The importance of seeking medical treatment is both to receive proper treatment for your injury and to validate your claim and injuries with documentation. After receiving treatment, the law requires you to report your injury or injuries to your employer to put them on notice. The form required to file a claim is LS-203 which can be faxed to the Division of Longshore and Harbor Workers’ Compensation (DLHWC). When your employer receives notice of your injury, they will notify the Department of Labor which will begin the timeline of events that if not adhered to can bar your right to receive compensation for your injury. Once your claim has been assigned to the Officer of Workers’ Compensation Programs (OWCP) you will provide the required documentation, details of your injury and medical diagnosis for your right to receive compensation. The amount of compensation varies from each case’s specific facts and the Claimant’s average weekly wage which we will help you calculate. Your DBA insurance will also compensate you with weekly compensation benefits in the event you’re unable to work. We understand that PTSD is a real mental health problem that will affect your daily life, family, relationships and even your ability to earn an income. Most likely, the insurance company will outright deny your right to receive any medical care which is why it is crucial you seek proper representation. If you were in a war zone and believe you may be suffering from PTSD we urge you seek treatment immediately and to contact us so that we may preserve your rights to file a claim.

Published on:

Our firm has seen a recent rise in the number of heart attack and other cardiovascular claims in the Defense Base Act whether it be a stroke, an aortic dissection (which is deadly), and heart attacks. These claims are very often denied by the insurance company, whether it be Starr or Gallagher Bassett, which seem to be handling many of the Defense Base Act claims in 2020. Our firm has handled numerous heart attack, stroke and aortic dissection claims from all over the world including South Korea, Iraq and Afghanistan. With respect to heart attack and cardiovascular injuries, these claims largely depend on good medical documentation from your doctors, so it is important to make sure you select a good doctor who will fight for you ( do not ever let the insurance company pick a doctor for you or even recommend a doctor to you).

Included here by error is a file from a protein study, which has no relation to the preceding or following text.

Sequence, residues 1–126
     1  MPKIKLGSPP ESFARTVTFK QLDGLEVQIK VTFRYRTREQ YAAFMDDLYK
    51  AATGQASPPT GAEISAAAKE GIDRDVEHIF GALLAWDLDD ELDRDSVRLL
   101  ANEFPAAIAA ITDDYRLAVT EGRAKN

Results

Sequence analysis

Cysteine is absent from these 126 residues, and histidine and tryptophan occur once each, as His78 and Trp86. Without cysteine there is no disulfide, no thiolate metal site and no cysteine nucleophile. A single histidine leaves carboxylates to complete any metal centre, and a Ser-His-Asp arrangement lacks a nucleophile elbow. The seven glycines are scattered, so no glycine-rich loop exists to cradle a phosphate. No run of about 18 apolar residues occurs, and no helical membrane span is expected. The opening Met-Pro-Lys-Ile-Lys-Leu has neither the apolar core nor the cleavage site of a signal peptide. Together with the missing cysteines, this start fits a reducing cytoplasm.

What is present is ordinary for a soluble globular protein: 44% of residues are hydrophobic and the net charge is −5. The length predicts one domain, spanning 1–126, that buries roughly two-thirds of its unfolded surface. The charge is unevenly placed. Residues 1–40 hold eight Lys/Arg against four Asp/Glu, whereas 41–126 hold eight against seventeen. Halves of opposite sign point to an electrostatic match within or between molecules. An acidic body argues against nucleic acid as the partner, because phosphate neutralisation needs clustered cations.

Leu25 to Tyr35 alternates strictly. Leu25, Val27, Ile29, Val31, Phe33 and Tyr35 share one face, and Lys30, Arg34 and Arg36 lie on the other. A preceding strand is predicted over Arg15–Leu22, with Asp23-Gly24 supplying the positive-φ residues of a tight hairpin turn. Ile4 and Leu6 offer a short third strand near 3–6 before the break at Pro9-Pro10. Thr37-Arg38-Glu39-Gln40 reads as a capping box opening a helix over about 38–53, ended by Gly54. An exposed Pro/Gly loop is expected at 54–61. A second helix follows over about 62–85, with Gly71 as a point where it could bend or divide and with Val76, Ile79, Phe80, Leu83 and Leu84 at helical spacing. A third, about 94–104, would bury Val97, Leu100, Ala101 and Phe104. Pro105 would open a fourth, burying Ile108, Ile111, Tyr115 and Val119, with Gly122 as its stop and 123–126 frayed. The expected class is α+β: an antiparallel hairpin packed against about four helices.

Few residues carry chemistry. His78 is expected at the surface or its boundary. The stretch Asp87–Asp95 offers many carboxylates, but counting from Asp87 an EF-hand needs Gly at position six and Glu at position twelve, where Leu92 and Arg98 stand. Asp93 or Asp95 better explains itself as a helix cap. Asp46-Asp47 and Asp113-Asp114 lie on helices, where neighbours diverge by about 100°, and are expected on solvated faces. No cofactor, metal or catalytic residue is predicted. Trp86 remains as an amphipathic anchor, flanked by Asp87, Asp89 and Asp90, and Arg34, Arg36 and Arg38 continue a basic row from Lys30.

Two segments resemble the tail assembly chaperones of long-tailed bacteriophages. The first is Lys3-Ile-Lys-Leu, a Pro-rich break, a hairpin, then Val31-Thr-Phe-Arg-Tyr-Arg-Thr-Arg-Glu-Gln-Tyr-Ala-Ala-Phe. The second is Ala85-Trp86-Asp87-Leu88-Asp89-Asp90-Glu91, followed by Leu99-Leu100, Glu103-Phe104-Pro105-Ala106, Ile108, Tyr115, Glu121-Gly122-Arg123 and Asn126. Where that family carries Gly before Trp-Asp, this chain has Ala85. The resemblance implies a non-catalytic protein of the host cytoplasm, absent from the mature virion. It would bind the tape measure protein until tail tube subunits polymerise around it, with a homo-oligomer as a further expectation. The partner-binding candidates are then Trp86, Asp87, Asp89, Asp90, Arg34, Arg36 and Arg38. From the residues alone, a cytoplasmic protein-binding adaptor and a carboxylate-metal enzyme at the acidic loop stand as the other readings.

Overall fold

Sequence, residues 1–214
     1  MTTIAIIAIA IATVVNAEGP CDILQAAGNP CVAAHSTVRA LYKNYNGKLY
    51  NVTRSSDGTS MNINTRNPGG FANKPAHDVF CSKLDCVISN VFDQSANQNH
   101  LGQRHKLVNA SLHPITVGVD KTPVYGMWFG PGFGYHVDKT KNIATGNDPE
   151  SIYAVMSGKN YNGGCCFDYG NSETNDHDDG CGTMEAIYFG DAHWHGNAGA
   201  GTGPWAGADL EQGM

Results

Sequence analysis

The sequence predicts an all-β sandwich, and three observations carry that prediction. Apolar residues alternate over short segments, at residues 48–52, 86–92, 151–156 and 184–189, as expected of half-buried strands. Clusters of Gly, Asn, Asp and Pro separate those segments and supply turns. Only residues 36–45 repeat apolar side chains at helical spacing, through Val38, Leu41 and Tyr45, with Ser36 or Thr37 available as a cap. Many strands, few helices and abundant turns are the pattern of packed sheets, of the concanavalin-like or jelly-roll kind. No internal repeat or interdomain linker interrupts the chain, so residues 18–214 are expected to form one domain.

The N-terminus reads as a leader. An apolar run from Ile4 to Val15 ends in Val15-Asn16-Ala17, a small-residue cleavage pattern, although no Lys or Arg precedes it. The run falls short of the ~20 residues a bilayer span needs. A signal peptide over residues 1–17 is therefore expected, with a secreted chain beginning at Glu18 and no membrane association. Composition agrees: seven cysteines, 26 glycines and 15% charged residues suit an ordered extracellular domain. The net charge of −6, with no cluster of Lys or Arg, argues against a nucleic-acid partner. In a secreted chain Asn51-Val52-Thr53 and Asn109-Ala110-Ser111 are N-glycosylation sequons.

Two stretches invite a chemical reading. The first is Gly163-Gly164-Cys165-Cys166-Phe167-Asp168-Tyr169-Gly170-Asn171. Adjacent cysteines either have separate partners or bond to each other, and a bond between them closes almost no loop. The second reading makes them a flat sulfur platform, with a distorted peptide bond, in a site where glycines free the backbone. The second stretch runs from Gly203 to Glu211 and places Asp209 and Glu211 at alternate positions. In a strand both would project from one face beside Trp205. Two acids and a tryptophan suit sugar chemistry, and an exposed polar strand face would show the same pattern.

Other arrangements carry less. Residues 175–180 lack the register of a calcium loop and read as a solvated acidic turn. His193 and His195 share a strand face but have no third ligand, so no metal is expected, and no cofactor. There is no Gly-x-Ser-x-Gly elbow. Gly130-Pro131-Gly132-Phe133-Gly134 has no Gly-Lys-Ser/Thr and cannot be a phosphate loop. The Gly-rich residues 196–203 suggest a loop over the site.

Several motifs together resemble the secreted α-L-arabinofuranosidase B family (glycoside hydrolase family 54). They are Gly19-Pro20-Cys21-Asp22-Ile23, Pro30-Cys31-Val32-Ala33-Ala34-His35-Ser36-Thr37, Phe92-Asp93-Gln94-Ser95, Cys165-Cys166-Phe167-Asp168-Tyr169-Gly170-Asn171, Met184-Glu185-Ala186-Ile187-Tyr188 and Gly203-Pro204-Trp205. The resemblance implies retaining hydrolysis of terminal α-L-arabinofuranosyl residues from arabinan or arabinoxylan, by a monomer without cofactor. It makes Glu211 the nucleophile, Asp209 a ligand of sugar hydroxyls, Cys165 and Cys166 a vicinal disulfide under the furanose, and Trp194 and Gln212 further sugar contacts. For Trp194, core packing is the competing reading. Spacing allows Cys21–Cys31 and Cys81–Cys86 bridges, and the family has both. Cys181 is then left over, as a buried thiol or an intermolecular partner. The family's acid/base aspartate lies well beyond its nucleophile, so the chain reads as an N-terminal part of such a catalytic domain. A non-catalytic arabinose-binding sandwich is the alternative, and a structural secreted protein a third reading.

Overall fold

Fortunately for the injured civilian contractor, the Defense Base Act provides numerous benefits and presumptions to help beat the insurance companies’ wrongful denial of benefits. All that we must show at the start of a claim is that the injured worker (1) sustained a harm and (2) that conditions existed or an incident occurred at work that could have caused the harm. Bath Iron Works Corp. v. Preston, 380 F.3d 597 (1st Cir. 2004). This is known as the section 20(a) presumption. Once an injured worker successfully raises the section 20(a) presumption, the burden shifts to the employer, who may rebut the presumption by producing substantial evidence that the injured workers condition was neither caused nor aggravated by his employment. It is at this point that the insurance company will send you to their doctor (who is usually “in their pocket”) to try and derail your claim.